Non-Interest Income and Bank Efficiency in Ghana: A Two-Stage DEA Bootstrapping Approach
Abdul Latif Alhassan and
Michael Lawer Tetteh
Journal of African Business, 2017, vol. 18, issue 1, 124-142
This paper examines the effect of the inclusion of non-interest income on efficiency and economies of scale of Ghanaian banks in a two-stage analysis. The data envelopment analysis technique is employed to estimate efficiency scores with and without non-interest income of 26 Ghanaian banks from 2003 to 2011 in the first-stage analysis. In the second stage, a truncated bootstrapped regression is estimated to examine the effect of contextual variables on bootstrapped efficiency scores. The findings indicate that the exclusion of non-interest income as output variable leads to the under-estimation of efficiency scores. From the second-stage regression analysis, we find a curve-linear relationship between bank size and efficiency to suggest that bank efficiency increases as size also increase due to economies of scale but only up to an optimal point after which inefficiency sets. Market concentration, leverage, and loan loss provisions are also identified as the other significant determinants of efficiency. Policy implications for improving bank efficiency are discussed.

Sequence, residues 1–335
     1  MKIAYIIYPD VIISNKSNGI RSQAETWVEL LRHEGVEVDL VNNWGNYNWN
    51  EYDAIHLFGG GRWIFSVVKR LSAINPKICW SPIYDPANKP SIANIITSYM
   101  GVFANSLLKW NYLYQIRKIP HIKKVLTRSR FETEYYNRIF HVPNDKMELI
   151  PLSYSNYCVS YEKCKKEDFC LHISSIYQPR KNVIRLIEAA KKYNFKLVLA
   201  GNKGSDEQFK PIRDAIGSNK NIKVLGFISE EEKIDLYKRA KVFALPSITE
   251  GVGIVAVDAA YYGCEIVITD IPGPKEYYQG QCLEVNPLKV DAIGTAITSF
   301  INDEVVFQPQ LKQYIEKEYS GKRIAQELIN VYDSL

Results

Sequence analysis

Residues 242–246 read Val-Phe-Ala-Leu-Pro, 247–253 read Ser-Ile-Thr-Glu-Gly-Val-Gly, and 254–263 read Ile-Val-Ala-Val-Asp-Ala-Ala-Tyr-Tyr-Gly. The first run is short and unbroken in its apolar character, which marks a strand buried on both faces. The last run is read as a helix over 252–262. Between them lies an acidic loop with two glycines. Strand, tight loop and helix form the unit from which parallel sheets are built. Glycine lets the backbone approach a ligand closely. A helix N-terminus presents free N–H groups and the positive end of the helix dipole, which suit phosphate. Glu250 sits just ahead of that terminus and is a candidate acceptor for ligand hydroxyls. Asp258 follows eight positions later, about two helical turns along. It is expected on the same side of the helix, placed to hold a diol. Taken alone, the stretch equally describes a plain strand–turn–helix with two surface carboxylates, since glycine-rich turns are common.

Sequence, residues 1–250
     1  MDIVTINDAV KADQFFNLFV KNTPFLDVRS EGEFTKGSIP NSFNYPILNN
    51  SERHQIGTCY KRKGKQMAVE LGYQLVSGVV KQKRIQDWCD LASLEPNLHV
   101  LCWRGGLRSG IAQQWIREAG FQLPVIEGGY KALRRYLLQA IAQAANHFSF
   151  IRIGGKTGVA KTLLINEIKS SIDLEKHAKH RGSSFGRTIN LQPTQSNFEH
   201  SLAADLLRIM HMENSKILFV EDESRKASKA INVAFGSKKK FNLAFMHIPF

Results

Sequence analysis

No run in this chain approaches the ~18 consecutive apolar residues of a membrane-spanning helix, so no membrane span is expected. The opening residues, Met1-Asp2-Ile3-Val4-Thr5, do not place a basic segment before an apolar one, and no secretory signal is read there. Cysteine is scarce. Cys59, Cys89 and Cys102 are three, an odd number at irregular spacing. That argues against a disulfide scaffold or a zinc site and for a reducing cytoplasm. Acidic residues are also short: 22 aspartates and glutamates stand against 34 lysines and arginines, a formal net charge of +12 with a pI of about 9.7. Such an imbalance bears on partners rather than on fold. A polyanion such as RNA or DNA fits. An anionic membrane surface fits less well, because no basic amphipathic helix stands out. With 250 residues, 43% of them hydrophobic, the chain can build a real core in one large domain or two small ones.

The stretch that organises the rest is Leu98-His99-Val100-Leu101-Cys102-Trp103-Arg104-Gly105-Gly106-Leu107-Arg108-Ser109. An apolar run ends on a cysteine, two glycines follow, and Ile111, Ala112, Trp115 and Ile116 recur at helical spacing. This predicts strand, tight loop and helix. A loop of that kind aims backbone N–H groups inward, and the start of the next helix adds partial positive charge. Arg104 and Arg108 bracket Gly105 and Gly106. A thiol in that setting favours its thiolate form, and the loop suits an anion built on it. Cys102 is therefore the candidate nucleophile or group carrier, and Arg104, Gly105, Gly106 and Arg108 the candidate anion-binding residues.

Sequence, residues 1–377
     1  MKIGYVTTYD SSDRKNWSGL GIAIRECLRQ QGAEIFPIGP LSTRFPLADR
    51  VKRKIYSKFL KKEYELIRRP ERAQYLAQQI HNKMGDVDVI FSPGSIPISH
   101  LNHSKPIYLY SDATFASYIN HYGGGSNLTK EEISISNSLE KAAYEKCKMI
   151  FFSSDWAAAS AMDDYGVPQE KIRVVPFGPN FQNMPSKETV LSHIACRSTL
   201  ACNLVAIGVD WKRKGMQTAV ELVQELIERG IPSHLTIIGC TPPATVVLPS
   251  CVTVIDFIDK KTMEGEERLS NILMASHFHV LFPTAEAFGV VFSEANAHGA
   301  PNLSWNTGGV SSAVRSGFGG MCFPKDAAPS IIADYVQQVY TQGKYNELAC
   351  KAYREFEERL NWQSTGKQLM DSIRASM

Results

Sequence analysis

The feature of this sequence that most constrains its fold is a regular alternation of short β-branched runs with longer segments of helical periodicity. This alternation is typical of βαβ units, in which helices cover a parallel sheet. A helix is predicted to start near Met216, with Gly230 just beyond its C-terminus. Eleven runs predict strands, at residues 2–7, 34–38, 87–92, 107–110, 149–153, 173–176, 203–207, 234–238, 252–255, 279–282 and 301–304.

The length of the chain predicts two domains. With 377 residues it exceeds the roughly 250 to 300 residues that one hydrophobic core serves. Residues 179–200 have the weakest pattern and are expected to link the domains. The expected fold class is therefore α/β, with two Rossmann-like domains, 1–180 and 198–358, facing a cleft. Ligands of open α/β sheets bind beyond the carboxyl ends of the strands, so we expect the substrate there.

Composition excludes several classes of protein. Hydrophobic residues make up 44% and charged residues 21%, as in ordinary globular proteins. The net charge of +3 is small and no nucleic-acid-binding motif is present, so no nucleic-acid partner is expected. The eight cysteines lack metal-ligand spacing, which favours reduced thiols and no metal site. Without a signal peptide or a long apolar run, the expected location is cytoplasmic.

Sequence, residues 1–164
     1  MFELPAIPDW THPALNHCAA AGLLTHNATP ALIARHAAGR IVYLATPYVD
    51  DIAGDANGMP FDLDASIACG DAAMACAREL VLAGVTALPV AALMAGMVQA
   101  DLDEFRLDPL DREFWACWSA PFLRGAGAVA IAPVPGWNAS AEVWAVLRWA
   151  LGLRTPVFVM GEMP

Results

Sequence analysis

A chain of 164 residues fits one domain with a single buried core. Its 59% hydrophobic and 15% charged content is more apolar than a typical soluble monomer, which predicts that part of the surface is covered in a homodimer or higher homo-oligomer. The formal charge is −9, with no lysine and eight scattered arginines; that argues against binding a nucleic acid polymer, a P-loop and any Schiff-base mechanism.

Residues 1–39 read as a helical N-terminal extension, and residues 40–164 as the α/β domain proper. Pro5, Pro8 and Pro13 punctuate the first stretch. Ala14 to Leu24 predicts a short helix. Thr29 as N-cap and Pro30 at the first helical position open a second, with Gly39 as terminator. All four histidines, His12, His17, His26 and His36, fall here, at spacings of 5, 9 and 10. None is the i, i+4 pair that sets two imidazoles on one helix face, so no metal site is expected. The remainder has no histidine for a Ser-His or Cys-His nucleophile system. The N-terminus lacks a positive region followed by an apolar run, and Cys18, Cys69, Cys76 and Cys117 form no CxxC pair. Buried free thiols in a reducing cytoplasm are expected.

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Persistent link: https://EconPapers.repec.org/RePEc:taf:wjabxx:v:18:y:2017:i:1:p:124-142
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